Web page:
Last month, I discussed the current status of broadband networks and the emergence of wireless as the preferred connection, since most users want mobility for their broadband-connected devices. Often, I find people think wireless means no more fiber optics (or any cabling at all), but that’s hardly the case.
What most people think of wireless connections are only the final link to the device that allows the user to be mobile, not tethered to the network with a cable. Consider the first wireless device that most people owned: a cordless phone. The handset was cordless, but the base station was connected to the network with a conventional cable.
Likewise, cellular phones, smartphones, Wi-Fi-connected laptops and tablets are “cordless,” but as soon as they connect to their respective networks, they virtually connect to fiber or copper cabling. The exception is some cellular towers in remote areas where the tower links to the phone network over line-of-sight wireless, using round dish antennas you can sometimes see on the side of cellular towers.
Most cellular towers have been converted to optical fiber connections to the phone system to provide the bandwidth needed for expanded services. The fiber connecting the towers is the usual telco grades of single-mode fiber. Many towers are using wavelength-division multiplexing to expand the capacity of fibers already placed to avoid having to install more fiber to the tower.
The latest trend affecting cellular towers is to run fiber up the tower to the antennas. In the past, coaxial cable has been run up the tower to the antennas, but with the proliferation of new antennas needed for next generation cellular coverage, the massive bundle of the coaxial cables has become too big and heavy and has too much wind resistance. All those bundles of coaxial cable can be replaced with one small fiber cable, and the same cable often includes the power conductors for the antennas. These cables are made to order, cut to the proper length and terminated in the factory-, so they can be installed by simply plugging in the proper connectors at the antennas and in the equipment hut. These cables may be either multimode or single-mode fiber.
You have probably noticed how good cellular coverage is inside large public buildings, such as convention centers or even inside tunnels. If you look closely, you may see small cellular antennas placed inside those structures. They usually use single-mode fibers that run back to the equipment room to connect to the phone system. A similar technology is being proposed for use in urban areas. Small, low-power antennas using one single-mode fiber are being developed to expand the coverage of cellular systems and to expand capacity, since each antenna covers a smaller area with fewer users who share the available bandwidth.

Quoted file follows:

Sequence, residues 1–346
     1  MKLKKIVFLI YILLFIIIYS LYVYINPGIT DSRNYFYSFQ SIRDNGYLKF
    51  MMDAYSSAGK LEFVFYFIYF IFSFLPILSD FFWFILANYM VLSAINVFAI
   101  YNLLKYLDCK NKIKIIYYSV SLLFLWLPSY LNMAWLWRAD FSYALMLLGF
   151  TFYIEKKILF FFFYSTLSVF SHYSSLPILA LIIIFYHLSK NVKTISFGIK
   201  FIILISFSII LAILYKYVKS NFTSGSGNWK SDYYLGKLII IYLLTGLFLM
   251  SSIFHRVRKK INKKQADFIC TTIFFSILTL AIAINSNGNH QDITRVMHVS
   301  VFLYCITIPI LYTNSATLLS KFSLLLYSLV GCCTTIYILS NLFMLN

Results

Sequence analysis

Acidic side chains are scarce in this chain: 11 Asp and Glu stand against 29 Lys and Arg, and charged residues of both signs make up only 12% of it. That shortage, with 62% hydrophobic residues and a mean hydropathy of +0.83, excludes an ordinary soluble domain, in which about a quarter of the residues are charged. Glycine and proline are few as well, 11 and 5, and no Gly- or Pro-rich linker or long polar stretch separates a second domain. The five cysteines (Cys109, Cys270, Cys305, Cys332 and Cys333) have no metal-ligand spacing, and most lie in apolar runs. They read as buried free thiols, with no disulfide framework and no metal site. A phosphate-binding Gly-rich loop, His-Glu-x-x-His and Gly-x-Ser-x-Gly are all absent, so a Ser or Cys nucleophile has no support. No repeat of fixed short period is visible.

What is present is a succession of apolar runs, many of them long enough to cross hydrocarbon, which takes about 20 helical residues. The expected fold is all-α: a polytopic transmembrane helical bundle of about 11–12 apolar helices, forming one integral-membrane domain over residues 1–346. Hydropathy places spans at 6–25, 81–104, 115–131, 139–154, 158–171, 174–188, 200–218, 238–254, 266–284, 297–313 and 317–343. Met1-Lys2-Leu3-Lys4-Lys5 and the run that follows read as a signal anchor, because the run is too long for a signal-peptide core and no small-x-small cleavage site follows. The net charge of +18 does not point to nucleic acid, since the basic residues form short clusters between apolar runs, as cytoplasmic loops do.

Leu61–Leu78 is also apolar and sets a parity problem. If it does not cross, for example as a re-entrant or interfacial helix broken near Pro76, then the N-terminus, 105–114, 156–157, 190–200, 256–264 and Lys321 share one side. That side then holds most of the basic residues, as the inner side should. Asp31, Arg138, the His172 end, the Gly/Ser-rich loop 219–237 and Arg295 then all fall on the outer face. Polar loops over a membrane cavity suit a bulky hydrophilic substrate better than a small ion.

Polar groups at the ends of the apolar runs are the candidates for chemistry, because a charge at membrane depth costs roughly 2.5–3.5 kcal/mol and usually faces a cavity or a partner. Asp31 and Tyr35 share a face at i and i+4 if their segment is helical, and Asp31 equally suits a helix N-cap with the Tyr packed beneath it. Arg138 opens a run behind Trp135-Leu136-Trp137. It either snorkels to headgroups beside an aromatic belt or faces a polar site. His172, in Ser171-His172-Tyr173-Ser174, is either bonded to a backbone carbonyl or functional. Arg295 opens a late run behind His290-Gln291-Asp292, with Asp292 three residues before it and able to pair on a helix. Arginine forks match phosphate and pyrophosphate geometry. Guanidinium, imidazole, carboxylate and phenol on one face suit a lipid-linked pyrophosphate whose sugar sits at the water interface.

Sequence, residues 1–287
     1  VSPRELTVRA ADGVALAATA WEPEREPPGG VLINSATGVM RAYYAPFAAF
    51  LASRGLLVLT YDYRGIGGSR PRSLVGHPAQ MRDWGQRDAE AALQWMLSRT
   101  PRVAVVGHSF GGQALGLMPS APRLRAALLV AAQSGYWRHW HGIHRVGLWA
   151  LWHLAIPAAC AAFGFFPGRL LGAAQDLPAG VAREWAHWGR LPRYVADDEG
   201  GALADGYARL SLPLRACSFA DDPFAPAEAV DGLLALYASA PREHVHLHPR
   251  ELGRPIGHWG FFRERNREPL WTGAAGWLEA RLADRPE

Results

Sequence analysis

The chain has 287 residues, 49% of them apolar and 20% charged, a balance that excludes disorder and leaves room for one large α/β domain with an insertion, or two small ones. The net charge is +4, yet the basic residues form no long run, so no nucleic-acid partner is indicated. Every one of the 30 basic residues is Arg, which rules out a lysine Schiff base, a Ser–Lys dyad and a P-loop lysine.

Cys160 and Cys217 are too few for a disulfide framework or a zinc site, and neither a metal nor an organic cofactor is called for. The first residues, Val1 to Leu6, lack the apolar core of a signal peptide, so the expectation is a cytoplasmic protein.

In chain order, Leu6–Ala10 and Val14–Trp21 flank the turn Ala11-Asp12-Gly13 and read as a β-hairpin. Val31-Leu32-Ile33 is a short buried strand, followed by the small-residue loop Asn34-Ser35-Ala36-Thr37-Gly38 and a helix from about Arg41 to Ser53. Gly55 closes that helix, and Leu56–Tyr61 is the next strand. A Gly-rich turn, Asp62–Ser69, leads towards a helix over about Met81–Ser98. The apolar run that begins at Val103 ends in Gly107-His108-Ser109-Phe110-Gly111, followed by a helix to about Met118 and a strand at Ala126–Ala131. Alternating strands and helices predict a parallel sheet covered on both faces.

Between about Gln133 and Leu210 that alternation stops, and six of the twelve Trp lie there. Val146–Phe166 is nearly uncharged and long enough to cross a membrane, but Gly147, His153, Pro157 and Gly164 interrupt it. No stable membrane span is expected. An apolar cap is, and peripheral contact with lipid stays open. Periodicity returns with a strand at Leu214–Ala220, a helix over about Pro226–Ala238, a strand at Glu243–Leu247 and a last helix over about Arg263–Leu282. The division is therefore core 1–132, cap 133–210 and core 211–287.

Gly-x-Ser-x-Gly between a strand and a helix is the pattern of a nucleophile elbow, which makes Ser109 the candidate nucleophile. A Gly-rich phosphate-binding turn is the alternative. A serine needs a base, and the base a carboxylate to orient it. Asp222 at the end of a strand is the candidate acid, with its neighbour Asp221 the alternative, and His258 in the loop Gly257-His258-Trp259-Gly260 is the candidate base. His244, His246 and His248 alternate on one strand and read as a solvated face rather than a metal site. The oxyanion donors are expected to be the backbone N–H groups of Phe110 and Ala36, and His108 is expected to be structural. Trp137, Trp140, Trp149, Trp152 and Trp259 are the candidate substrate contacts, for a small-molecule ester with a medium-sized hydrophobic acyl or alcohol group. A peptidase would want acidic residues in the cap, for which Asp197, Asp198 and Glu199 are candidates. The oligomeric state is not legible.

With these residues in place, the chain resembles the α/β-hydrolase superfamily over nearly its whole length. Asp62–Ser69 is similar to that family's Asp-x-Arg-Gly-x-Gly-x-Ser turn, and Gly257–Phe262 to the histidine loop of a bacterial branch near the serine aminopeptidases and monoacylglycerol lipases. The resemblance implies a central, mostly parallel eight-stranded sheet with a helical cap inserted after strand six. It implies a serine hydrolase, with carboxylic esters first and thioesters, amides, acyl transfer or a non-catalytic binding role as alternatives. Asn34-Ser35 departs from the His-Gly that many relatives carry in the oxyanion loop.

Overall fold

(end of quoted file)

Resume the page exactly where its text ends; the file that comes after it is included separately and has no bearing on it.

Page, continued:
Wi-Fi access points also are proliferating also, since they provide connectivity for smartphones, laptops and tablets. Corporate Wi-Fi often uses Cat 5e/6a to connect the access points because many can be powered over the unshielded twisted-pair (UTP) cable using power over Ethernet (PoE) to avoid additional power requirements. But once you get into large public buildings or go outdoors for municipal Wi-Fi systems, the cabling distance is over the 100-meter limit for UTP cabling, and fiber connections become the norm. Indoors, multimode fiber is often preferred while most outdoor systems use single-mode fiber (see page 70 for more on municipal networks).
Another variation of Wi-Fi also is being tested. This version uses different frequencies for transmission, in the 100–700 megahertz region, where spectrum became available when TV switched from analog to digital transmission. It’s called “Super Wi-Fi” for a good reason. At lower frequencies, it can go much farther than regular Wi-Fi—perhaps as far as 50 miles—making it possible to reach rural areas where it is uneconomical to run fiber all the way to the user. If field trials are successful, expect to see a lot of Super Wi-Fi towers being built in rural areas and connected over fiber.
Super Wi-Fi may take over the role proposed for WiMax, another wireless variation that keeps being promoted but seems unable to get enough traction to become successful. Coverage is spotty, and few devices make direct connections over WiMax.
From the fiber optic installation standpoint, none of these wireless technologies are out of the ordinary, unless you don’t like climbing towers to plug in cables. Any premises or outside plant contractor familiar with fiber optic installation is capable of installing these systems. If it also is necessary to be involved in the design of the wireless networks, bring in an experienced wireless designer. Picking antenna locations is a very tricky process.
HAYES is a VDV writer and educator and the president of The Fiber Optic Association. Find him at www.JimHayes.com.